Is an extension technically and legally possible?
From a purely technical point of view, this is only possible from an expert point of view if new fuel elements are available by next summer. Until then, a so-called stretching operation could be carried out. Then the nuclear power plants would be operated at reduced power for a few months so that the fuel rods would last longer. However, this does not give you more power, the output is only stretched over a longer period of time. The Ministries of Economy and the Environment are assuming that the new fuel elements would not be available for a year at the earliest.
According to a test report from the ministries in March, the additional electricity could only be produced from autumn 2023. It is also questionable whether there are enough spare parts for the operation and the systems of security. In order to make an extension legally possible, the Bundestag would have to amend the Atomic Energy Act. Because at the end of the year, all operating licenses for nuclear power plants in Germany will expire. According to the case law of the Court of Justice of the European Communities, a new environmental impact assessment may be necessary if the lifespan is extended, and the risk should also be reassessed.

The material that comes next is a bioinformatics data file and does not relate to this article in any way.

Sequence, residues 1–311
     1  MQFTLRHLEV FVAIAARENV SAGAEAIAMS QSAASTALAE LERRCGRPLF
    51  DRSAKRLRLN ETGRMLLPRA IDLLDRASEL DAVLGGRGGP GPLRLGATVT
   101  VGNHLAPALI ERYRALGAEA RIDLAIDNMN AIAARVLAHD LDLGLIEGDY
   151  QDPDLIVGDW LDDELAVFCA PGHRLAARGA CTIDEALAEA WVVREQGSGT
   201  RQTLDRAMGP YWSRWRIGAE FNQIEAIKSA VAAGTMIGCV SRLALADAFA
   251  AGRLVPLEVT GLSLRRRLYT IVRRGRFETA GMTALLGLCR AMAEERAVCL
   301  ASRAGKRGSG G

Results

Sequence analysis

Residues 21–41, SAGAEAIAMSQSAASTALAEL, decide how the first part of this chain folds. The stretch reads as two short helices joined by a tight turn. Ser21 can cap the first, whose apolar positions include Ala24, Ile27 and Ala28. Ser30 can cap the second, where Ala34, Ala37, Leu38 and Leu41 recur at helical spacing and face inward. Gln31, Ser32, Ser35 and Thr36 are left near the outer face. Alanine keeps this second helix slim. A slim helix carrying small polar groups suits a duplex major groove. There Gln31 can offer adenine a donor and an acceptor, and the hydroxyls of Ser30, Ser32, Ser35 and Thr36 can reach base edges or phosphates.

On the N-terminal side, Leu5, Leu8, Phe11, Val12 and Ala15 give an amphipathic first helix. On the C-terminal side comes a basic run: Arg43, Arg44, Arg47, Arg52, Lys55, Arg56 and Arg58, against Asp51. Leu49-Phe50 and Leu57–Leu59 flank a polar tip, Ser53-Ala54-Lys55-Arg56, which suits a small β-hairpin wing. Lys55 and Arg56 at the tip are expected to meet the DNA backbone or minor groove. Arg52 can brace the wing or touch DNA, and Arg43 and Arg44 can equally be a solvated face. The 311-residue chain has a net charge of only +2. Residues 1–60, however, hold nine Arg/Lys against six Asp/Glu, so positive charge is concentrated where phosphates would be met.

What about security?
The safety of nuclear power plants in Germany must be thoroughly checked every ten years. However, the last date in 2019 was canceled because the reactors were due to be shut down in 2022 anyway. “If operation continued after January 1, 2023, the last safety check would be 13 years old, and a new one would be mandatory” , write the ministries. Such a test could take years. Nevertheless, all three systems are at a high level in terms of security. TÜV Süd also tested the Isar 2 plant and expressed no concerns.
Environmental organizations such as the Bund Naturschutz (BUND) and Greenpeace warn against further delaying the nuclear phase-out and point to incalculable security risks.
What are the critics saying?
The Federation for the Environment and Nature Conservation in Germany (BUND) presented a study on Thursday which categorically rejects the continued operation of nuclear power plants. The benefits are disproportionate to the risks and costs. The last safety checks carried out in 2009 were based on a set of rules from the early 1980s, in which the Chernobyl and Fukushima nuclear accidents were not even taken into account.